This spool made from paper is perfect for decorating a card for a sewing friend or as an invitation to a quilting event. Substitute fabric for paper for an appliqué template.

Get the pattern here.

Categories: Uncategorized | Tags:
No Comments


Quilting Trends 2012

After coming back from the Spring Quilt Market in Kansas City, we’re inspired by all the new fabrics lines and products. Here’s a sneak peek at some of the upcoming trends we spotted and some projects to get you ahead of the game!

 

1. Nautical and Beach Themes

Get directions to this quilt here.

2. Houses

Get directions to this quilt here.

3. Solids

Get directions to this quilt here.

4. Circus and Jungle Animals

Get directions to this quilt here.

5. Chevron

Get directions to this bag here.


French General: Kaari Meng

Take one look inside French General and you’ll be whisked away to the French countryside. The shop, located in the Los Angeles neighborhood of Silver Lake, takes residence in a narrow 1926 pink adobe building and is chock-full of vintage glass beads, millinery supplies, ribbon, paper ephemera, and fabric.

Kaari Meng, the shop owner, stocks French General with treasures from her trips to Europe and journeys across the United States. Kaari is currently working on her newest fabric collection with Moda Fabrics (to be released in 2013).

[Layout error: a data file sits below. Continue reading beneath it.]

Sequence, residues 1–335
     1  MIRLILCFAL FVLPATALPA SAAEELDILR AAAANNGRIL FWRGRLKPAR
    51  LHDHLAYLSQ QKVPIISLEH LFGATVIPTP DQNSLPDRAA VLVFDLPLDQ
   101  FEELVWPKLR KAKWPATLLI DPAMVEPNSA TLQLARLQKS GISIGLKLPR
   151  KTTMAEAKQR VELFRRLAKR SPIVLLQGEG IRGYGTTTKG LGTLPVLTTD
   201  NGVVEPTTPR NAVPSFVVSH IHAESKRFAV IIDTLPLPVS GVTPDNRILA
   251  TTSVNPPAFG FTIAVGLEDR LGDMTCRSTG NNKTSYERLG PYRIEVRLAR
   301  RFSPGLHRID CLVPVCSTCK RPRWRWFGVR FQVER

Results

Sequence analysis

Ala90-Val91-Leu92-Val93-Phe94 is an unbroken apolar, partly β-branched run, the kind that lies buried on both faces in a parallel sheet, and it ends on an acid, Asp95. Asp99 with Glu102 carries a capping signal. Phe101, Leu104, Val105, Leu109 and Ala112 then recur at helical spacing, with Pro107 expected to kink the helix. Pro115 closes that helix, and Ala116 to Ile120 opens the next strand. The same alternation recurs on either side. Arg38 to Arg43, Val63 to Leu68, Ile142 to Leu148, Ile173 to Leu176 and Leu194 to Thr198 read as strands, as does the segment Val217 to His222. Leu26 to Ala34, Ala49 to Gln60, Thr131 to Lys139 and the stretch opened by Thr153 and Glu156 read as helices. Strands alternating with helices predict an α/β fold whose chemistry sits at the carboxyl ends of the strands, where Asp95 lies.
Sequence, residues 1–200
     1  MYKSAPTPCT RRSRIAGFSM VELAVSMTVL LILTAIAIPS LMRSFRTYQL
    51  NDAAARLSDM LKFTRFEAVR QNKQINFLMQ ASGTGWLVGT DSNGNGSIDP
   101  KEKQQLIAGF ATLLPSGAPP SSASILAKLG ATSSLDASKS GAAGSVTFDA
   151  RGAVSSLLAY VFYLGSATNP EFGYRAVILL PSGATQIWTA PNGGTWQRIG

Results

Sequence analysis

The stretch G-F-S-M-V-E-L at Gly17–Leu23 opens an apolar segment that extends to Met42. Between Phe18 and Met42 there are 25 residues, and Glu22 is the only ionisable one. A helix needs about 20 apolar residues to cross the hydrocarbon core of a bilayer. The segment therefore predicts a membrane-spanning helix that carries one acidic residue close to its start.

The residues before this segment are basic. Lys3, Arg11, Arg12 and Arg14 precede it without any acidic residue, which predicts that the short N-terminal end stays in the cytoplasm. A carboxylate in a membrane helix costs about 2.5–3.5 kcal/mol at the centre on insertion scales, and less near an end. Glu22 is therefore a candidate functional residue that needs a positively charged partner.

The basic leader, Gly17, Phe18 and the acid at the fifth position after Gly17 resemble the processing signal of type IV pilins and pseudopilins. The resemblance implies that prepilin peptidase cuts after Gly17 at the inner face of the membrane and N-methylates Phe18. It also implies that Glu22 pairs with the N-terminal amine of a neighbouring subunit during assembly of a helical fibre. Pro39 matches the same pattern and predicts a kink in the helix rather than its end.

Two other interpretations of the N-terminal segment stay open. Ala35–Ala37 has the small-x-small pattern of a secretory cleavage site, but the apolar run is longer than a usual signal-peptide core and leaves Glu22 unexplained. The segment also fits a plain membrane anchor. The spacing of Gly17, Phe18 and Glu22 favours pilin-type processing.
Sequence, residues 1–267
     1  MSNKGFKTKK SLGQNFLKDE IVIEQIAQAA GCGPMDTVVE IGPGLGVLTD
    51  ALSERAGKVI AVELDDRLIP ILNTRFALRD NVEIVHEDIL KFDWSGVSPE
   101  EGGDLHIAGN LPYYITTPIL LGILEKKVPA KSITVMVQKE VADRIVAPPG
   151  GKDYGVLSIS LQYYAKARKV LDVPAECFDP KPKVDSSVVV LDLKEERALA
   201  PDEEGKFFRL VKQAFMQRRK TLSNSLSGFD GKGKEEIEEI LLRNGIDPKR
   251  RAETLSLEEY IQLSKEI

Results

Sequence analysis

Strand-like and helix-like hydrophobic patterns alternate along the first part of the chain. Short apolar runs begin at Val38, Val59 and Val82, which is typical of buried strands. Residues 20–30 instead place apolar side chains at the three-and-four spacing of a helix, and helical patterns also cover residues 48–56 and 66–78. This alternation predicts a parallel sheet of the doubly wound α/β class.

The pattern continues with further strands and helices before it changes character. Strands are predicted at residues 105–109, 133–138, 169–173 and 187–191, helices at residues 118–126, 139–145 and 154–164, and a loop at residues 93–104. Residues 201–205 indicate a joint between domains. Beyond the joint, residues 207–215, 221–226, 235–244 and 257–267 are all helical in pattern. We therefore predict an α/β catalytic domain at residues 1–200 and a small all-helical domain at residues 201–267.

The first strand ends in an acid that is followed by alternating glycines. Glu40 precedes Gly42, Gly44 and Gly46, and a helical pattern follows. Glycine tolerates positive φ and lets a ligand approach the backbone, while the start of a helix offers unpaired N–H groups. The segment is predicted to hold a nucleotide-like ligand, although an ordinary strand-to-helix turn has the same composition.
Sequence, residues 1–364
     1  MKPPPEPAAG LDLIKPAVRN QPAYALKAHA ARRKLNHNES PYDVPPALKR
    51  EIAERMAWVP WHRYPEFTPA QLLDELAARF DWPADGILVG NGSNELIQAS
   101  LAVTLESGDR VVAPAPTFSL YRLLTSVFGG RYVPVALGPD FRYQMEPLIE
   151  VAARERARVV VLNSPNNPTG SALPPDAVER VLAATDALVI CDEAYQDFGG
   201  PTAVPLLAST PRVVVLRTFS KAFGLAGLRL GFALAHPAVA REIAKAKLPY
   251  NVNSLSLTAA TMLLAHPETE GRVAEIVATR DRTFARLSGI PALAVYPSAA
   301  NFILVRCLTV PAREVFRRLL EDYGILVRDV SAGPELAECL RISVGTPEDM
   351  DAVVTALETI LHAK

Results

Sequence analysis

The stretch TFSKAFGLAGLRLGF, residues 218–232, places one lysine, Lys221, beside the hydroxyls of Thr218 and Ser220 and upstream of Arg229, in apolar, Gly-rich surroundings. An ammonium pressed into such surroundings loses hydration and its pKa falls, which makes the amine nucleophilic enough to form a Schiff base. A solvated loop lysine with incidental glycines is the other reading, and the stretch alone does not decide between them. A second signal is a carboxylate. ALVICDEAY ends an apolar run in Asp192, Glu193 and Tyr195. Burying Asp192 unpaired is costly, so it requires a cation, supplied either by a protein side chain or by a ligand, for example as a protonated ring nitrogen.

Kaari draws inspiration from scraps of old advertising, fabric pieces, paper snippets, vintage packaging, and photos.

She combines her findings onto inspiration boards, sorts the boards by color, and displays them throughout the store.

For more information about French General visit frenchgeneral.com and Kaari’s blog, The War and the Weft.

Categories: Uncategorized | Tags:
2 Comments


Tips on Curved Piecing

Designer Toby Lischko’s Follow the Curves quilt in the October 2011 issue of American Patchwork & Quilting is so stunning, it might tempt you to learn a new technique—curved seams!

FollowTheCurvesFollow the steps below to sew a curved seam by machine. Also check out Toby’s blog for two different tutorials—tricks for sewing curves and tips for using the right tools when sewing curves. Finally, view a slideshow on AllPeopleQuilt.com to learn about sewing curved pieces by hand.

Curved shapes add gentle ease and a sense of motion to pieced designs, but joining pieces with curved edges presents challenges. Cutting a small notch in the center of a curved edge makes it easier. Typically with curved pieces you’ll be joining two separate shapes: a convex curve (a curve that bows outward) with a concave curve (a curve that bows inward).

With right sides together match the center notches of curved edges. Pin together at the center point, at seam ends, and liberally in between, gently easing the edges as needed to align.

Sew together the curved edges. Clip into the seam allowance of the edge that curves in (concave) as needed, but do not cut into or beyond the seam lines. Do not clip the convex edge. Some quilters prefer not to clip curved seams. Instead they use a longer stitch length and sew slowly which helps ease the fabric layers together (the center notch is still necessary).

Categories: Uncategorized | Tags:
2 Comments